The call came shortly after the clock struck midnight.
Ian — the second of Jody and Jase Kinsey's newborn triplets — stopped breathing momentarily and the dreaded alarm went off at the clinic in Billings, Montana.
The little guy corrected things on his own, but the blip on the monitor earlier this week meant Ian would need to stay another five consecutive days without a repeat incident before he could go home. His brothers Cade (born first) and Milo (born last) are already out of the hospital.
It's been a long haul for the Kinsey boys, all of whom were projected for release from the clinic by now. Born Dec. 5 — a hair before 32 weeks' gestation — they garnered celebrity status because they were conceived naturally. Identical triplets conceived with fertility treatments are much more common, as are spontaneously conceived fraternal twins.
But these guys? They're flat-out uncommon.
Dr. Dana Damron, who delivered the Kinsey boys at the Billings Clinic, told the Missoulan that “to have a patient with spontaneous identical triplets is incredibly rare." So rare he called their birth a "one in a million" occurrence, ABC News reported.
But now that the cameras aren't clicking as feverishly and other big stories have hit the headlines, Jase Kinsey, 29, knows there are long hours of infant care coming up and good ol' life to be lived — the kinds of daily events that rarely receive the spotlight.
Since the triplets' birth, Jase has been home in Miles City with 6-year-old Jax, who had been the Kinseys' only child until last month. Jody, 30, has been two hours away in Billings at the Ronald McDonald House with Cade and Milo, waiting for Ian to be released from the nearby clinic.
Jax, as you might expect, doesn't care about all the hoopla.
"He’s been Mom’s number one," Jase told TheBlaze regarding his oldest, who soon will share his house with three new brothers — and just wants to "be around Mom."
But the most Jase and Jax can manage is grabbing Skype time with Jody when time permits and motoring down to Billings on weekends.
The reason Jase and Jax are staying in Miles City is so Dad can attend to his two jobs. He works full time with the Miles City water department as a meter reader and heavy-equipment operator. But after Jody stopped working in September to reduce stress on her body, Jase grabbed a gig at a tire store — cleaning up, putting tires away and "helping as they need me to" — for two to three hours in the evenings. Grandparents tend to Jax when Dad's at work.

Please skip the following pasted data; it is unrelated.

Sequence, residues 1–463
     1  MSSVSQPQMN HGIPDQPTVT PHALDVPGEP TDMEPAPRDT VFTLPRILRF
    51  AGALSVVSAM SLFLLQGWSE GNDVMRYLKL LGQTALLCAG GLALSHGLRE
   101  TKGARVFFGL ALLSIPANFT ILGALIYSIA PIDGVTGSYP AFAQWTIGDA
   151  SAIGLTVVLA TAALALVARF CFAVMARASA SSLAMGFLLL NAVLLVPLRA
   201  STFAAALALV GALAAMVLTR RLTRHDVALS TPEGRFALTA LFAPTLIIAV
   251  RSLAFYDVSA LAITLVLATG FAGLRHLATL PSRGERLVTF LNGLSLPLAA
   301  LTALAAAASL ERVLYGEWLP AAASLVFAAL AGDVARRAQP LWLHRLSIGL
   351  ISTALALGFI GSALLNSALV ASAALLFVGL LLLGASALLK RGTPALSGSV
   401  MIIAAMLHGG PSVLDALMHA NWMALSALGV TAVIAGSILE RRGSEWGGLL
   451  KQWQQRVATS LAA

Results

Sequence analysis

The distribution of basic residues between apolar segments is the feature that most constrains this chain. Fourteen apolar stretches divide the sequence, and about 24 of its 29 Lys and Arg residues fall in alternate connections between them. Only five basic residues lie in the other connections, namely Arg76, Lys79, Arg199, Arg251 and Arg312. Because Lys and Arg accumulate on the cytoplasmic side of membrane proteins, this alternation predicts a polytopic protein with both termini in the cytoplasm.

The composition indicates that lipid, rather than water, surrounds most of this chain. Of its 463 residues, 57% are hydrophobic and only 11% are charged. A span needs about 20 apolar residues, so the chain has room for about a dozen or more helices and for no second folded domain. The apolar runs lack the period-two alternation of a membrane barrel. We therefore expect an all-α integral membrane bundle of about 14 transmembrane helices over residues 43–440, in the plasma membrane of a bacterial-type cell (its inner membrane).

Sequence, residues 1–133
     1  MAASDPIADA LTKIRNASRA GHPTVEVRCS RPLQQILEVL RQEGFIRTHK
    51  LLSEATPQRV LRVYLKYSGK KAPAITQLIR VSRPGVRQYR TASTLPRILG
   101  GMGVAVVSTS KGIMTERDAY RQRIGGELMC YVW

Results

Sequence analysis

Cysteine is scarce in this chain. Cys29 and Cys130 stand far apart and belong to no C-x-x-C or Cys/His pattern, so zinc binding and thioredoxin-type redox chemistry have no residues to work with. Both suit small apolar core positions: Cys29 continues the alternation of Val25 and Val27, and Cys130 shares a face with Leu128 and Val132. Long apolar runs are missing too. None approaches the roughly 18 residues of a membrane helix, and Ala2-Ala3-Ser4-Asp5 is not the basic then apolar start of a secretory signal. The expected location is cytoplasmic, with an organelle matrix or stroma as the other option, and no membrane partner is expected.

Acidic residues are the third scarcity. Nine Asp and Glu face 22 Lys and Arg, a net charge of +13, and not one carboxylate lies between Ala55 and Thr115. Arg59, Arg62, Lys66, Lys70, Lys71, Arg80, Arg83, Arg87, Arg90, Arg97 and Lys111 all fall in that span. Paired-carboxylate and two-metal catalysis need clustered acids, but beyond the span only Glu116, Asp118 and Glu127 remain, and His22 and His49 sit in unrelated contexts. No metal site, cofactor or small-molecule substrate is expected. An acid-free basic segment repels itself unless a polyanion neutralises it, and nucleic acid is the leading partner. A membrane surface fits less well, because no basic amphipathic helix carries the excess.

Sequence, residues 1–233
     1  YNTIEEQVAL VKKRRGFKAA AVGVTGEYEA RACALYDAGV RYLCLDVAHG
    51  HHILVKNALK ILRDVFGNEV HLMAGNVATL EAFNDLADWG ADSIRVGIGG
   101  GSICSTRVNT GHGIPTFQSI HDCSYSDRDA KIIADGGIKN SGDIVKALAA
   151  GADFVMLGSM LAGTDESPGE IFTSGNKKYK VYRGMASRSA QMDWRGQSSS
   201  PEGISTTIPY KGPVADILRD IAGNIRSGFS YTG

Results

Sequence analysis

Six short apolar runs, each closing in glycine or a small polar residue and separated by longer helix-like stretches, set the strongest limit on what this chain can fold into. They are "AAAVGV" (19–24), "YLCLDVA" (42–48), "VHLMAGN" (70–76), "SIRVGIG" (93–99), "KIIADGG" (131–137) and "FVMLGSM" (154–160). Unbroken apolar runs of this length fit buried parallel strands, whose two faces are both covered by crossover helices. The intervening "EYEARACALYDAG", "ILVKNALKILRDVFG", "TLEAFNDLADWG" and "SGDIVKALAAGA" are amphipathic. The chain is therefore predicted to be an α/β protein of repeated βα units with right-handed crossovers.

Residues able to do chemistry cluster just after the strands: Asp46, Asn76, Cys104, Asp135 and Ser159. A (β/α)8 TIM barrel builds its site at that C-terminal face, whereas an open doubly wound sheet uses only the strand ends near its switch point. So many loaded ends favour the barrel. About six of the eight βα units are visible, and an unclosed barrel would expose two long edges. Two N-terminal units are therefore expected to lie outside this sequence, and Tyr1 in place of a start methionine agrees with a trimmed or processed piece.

With three new mouths to feed — not to mention triple the clothes, diaper changes, and every other task you can multiply by three — every extra dollar will come in handy.
Married for nine years since meeting at Custer County High School, Jase and Jody have strong ties to Miles City where they were both born and raised. And it shows in the support they've received from the 8,000-strong community, many of whom have stepped up to assist the growing family.
"Lots of people come by the house and offer to help when we need it," Jase told TheBlaze. "Twenty or 30 people have offered to babysit. It’s been really good."
Dad also can't say enough about the Billings Clinic and its neonatal intensive care unit that's been "amazing through the whole thing."
[sharequote align="center"]"Twenty or 30 people have offered to babysit."[/sharequote]
Dr. Damron admitted Jody to the clinic all the way back in November when she began showing early signs of labor.
“When you see a patient with triplets, you take a deep breath and realize all sorts of complications that can occur,” he told the Missoulan. “But when it turns out well in the end, it’s one of the most amazing experiences.”
Since Jase's father was a twin, he's had a feeling multiple babies might be in his and Jody's future — and the future turned out to be now.
After Jody first got the ultrasound news in May that she and Jase would be having triplets, she told ABC News that she called her husband and asked if he was sitting down.
“When she called, I said, ‘Why? Are we having twins?’ because my dad is a twin,” Jase told ABC. “She said, ‘No, we’re having triplets,’ and I said, ‘I’ll sit down now.’”
The news apparently took a while to sink in. “I called her back 20 minutes later and said, ‘This isn't a joke, right?’ and she said, ‘No, this is for real.'"
And as the Kinseys wait for baby Ian to finish his clinic stay, they realize their journey has only just begun.
“It’s going to be interesting,” Jase told the Missoulan. “I think it will be a blast, though. I can’t wait.”
A gofundme page has been set up to receive donations for the Kinseys' new trio of boys; donations also can be sent to Murdoch's Ranch & Home Supply, 620 Meadows Dr., Miles City, Montana, 59301.
This story has been updated.
Follow Dave Urbanski (@DaveVUrbanski) on Twitter